by Richard Wilbur
After the clash of elevator gates
And the long sinking, she emerges where,
A slight thing in the morning’s crosstown glare,
She looks up toward the window where he waits,
Then in a fleeting taxi joins the rest
Of the huge traffic bound forever west.
On such grand scale do lovers say good-bye—
Even this other pair whose high romance
Had only the duration of a dance,
And who, now taking leave with stricken eye,
See each in each a whole new life forgone.
For them, above the darkling clubhouse lawn,
Bright Perseids flash and crumble; while for these
Who part now on the dock, weighed down by grief
And baggage, yet with something like relief,
It takes three thousand miles of knitting seas
To cancel out their crossing, and unmake
The amorous rough and tumble of their wake.
We are denied, my love, their fine tristesse
And bittersweet regrets, and cannot share
The frequent vistas of their large despair,
Where love and all are swept to nothingness;
Still, there’s a certain scope in that long love
Which constant spirits are the keepers of,
And which, though taken to be tame and staid,
Is a wild sostenuto of the heart,
A passion joined to courtesy and art
Which has the quality of something made,
Like a good fiddle, like the rose’s scent,
Like a rose window or the firmament.
by Richard Wilbur
Now winter downs the dying of the year,
And night is all a settlement of snow;
From the soft street the rooms of houses show
A gathered light, a shapen atmosphere,
Like frozen-over lakes whose ice is thin
And still allows some stirring down within.
I’ve known the wind by water banks to shake
The late leaves down, which frozen where they fell
And held in ice as dancers in a spell
Fluttered all winter long into a lake;
Graved on the dark in gestures of descent,
They seemed their own most perfect monument.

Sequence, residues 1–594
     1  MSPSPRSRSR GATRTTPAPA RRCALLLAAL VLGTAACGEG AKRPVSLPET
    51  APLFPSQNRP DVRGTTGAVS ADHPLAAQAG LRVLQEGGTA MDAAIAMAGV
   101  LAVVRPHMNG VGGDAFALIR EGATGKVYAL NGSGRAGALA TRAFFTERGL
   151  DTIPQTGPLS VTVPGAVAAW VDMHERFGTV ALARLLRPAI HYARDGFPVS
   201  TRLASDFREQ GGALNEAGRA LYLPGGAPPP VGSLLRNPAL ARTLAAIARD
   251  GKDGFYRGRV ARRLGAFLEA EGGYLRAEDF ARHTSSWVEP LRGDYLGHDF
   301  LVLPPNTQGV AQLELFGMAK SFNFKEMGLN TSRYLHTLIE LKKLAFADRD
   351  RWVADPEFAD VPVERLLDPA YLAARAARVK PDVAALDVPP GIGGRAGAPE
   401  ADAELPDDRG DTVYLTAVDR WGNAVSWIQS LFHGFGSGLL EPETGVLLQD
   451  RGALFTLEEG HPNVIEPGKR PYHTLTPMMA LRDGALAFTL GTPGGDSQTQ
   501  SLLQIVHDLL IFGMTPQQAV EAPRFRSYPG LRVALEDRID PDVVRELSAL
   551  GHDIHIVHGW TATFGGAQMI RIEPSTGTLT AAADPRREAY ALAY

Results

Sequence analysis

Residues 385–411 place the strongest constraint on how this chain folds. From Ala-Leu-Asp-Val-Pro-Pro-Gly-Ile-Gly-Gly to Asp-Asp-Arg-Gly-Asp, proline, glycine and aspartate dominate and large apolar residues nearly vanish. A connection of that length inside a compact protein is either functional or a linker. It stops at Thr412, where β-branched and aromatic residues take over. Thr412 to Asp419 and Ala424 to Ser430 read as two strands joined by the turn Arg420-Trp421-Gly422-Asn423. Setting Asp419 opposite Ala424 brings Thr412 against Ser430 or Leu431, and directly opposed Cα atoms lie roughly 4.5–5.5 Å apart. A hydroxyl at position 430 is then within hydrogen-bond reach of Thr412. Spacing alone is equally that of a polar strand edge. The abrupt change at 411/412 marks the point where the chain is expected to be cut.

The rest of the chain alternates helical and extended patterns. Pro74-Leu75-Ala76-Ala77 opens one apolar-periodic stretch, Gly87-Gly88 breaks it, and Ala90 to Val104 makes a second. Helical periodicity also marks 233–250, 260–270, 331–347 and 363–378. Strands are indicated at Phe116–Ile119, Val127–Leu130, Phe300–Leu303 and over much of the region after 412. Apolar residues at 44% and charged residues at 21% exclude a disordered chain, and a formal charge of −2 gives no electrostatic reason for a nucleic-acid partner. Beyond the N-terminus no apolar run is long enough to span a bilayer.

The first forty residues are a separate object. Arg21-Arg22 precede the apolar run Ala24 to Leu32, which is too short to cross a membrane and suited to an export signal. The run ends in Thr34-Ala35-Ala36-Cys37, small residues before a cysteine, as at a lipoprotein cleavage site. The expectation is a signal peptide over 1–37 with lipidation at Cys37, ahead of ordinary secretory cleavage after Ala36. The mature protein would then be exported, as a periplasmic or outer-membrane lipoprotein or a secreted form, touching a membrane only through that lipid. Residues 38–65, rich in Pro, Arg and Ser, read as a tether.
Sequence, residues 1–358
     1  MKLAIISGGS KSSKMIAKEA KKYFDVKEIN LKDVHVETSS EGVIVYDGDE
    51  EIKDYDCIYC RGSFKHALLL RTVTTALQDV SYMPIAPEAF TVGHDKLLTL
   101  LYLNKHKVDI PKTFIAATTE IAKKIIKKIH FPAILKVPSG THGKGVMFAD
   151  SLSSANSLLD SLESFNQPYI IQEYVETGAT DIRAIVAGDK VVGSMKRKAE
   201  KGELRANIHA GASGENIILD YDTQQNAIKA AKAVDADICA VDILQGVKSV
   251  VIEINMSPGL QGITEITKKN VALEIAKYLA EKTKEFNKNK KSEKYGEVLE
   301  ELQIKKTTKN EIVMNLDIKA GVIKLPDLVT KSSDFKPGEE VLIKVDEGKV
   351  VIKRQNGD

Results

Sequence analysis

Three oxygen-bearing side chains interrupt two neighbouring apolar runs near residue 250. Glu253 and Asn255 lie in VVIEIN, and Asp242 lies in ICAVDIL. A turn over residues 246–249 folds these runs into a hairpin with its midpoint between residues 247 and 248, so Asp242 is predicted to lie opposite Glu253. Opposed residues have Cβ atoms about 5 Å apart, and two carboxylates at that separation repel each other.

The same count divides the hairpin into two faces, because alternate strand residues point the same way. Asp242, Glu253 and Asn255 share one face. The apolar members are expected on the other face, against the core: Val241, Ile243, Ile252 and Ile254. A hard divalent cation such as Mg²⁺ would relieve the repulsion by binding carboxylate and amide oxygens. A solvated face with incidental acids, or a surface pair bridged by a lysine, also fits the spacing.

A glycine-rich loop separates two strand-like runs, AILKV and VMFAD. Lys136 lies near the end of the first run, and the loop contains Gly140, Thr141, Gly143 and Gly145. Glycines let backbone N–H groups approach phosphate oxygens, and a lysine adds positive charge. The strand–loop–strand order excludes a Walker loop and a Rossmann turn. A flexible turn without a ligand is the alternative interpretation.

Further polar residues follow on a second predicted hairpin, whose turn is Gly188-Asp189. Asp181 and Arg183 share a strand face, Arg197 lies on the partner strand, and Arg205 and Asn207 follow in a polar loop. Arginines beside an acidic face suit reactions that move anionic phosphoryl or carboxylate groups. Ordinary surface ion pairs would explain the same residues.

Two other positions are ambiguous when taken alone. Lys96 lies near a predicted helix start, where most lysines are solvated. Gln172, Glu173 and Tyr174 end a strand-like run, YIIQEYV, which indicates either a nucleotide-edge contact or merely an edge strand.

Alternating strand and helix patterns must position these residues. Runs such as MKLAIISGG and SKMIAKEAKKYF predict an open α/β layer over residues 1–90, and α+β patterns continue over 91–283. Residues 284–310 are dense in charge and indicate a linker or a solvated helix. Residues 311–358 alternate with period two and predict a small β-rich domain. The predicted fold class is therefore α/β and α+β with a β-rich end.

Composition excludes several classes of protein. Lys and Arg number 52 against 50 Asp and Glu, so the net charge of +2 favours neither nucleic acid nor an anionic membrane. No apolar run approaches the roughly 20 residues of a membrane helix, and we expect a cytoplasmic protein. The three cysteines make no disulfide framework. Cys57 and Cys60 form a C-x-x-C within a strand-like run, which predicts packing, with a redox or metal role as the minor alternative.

There was perfection in the death of ferns
Which laid their fragile cheeks against the stone
A million years. Great mammoths overthrown
Composedly have made their long sojourns,
Like palaces of patience, in the gray
And changeless lands of ice. And at Pompeii
The little dog lay curled and did not rise
But slept the deeper as the ashes rose
And found the people incomplete, and froze
The random hands, the loose unready eyes
Of men expecting yet another sun
To do the shapely thing they had not done.
These sudden ends of time must give us pause.
We fray into the future, rarely wrought
Save in the tapestries of afterthought.
More time, more time. Barrages of applause
Come muffled from a buried radio.
The New-year bells are wrangling with the snow.
And I'll end with an excerpt from a longer poem
from Looking into History
by Richard Wilbur
Now, old man of the sea,
I start to understand:
The will will find no stillness
Back in a stilled land.
The dead give no command
And shall not find their voice
Till they be mustered by
Some present fatal choice.
Let me now rejoice
In all impostures, take
The shape of lion or leopard,
Boar, or watery snake,
Or like the comber break,
Yet in the end stand fast
And by some fervent fraud
Father the waiting past,
Resembling at the last
The self-established tree
That draws all waters toward
Its live formality.
P.S. In the same Atlantic interview mentioned above, I loved this answer:
I've noticed in my rereadings of your poems a kind of painterly beginning to many of them, as though you set a scene in still-life and then start it into motion. Was that deliberate?
It sounds to me like something which I would be inclined to do. I certainly don't have any theory of the poem that would incline me to start by painting in a scene and then putting it in motion, but I do know that I have a gift for making things move with words, and I like to get them traveling. I like to make their physical motion physically felt. I expect many poets incline to that sort of thing as part of a general feeling that poetry should not be abstract and immobile but should get down there amongst the things of the world and mix with them.